Some spend too little time considering our ecological footprint. Some spend too much. The Tree Play, nurtured from seedling to sapling and beyond by writer-director Robi Polgar, clears a path through the passion and the politics of deforestation and conservation, leaving us with a moving piece about the fragility of our symbiosis with nature.
To call it a "workshop" would be a disservice. We were clearly seeing the beginning of something – the birth of an idea yet to grow and mature, though fully realized for its current purposes. Polgar had his cast literally breathe life into the play before leading us from the lobby into the performance space at Ground Floor Theatre, where we sat along the perimeter of a clearing in a suggested rain forest. Once inside, we were enveloped by carefully crafted design elements mixing with skilled and invested performances to create a tangible theatrical ecosystem. Ia Ensterä's sparse but brilliant representation of foliage and canopy gave us just enough to feel where we were, but not so much that we were drawn into the design rather than the performance. Lowell Bartholomee's sounds echoed the subtle chorus of forest noise, cradling us in our own auditory sense until a particular moment exploded us out of our bubble of safety. The lighting, by Jennifer Rogers, appropriately captured the sun's struggle to pierce the dense growth around us, making each ray of light a gift. Buffy Manners' costumes worked very well, particularly for those actors portraying trees – part human, part spirit, part nature, each with its own identity and soul.
The word "play" in the title was possibly a misnomer. Polgar created for us a living, breathing poem: a 45-minute escape of spoken word in motion, telling a compelling story of the rain forest over a lifetime. The "tree" of the title, played at the start by Susan Peterson, Bird Caviel, and Blake Robbins (and later joined by most of the remaining cast), was constantly in motion, blown both gently and ferociously by the winds of Toni Bravo's stunning choreography. April Perez Moore effortlessly embodied the girl, whose protective relationship with the tree and the forest (along with other characters throughout her life) was the core of the story. Kevin Gates was nurturing and strong as the girl's father, while Jonathan Salazar and Huck Huckaby gave notable turns as a love interest and a journalist, respectively. The remainder of the cast – Nathan Porteshawver as a logger and John Grewell, Toni Baum, and Corinne Franks Oh as the tree chorus – were ever-present in our surroundings, moving and providing the white noise of the forest in an engaging fashion.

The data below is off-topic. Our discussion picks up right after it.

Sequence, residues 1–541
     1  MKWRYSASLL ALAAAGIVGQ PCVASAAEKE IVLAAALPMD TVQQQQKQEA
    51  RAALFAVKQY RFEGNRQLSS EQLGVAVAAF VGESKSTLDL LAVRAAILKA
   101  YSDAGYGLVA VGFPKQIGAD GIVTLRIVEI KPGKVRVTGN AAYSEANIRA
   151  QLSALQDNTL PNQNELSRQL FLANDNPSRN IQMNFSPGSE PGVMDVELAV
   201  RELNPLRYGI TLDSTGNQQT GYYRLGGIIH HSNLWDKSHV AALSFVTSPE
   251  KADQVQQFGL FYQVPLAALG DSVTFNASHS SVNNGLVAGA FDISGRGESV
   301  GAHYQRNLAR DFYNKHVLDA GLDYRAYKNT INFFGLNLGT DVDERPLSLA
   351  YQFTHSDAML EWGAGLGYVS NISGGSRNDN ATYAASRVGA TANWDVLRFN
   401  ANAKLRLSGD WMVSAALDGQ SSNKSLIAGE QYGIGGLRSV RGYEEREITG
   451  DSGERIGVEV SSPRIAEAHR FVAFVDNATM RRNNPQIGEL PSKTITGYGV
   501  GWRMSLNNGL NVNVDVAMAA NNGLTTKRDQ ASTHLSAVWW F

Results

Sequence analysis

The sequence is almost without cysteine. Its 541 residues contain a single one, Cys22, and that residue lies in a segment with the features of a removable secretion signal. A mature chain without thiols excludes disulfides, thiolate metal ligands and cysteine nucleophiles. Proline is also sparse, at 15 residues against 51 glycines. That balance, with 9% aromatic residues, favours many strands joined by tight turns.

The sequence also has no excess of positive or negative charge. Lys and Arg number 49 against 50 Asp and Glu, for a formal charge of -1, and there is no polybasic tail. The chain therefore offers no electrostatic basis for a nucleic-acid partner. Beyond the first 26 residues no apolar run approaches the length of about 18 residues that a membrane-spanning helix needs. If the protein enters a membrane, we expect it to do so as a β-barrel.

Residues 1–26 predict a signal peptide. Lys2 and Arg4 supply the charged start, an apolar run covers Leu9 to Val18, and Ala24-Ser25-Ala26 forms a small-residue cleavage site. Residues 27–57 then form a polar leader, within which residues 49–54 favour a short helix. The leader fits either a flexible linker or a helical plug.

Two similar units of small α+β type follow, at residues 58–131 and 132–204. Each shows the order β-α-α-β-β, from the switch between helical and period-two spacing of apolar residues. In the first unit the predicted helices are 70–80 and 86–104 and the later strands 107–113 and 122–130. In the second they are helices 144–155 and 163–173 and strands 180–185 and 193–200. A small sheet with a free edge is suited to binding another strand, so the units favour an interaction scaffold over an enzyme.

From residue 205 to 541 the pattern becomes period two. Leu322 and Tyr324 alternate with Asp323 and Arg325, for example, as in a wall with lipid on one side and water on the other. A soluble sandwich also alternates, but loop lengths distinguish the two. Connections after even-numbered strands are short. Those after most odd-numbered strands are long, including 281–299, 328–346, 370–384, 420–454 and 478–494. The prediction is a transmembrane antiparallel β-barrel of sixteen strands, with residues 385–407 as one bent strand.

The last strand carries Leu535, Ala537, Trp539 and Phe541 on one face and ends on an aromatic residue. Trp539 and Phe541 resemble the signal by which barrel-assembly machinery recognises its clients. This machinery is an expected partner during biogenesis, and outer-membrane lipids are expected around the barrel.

Billed as an "agit-prop folk tale," The Tree Play contained its share of fairy-tale whimsy and magic. Some may have found themselves hungry for more substance, a little more detail. I submit that if this piece were even one minute longer or contained one more well-made element, it would cease to be what it is. Polgar and his team gave us just the right amount of experimental and activist theatre, and if you didn't see it, you unfortunately missed out on what was the start of something wonderful.
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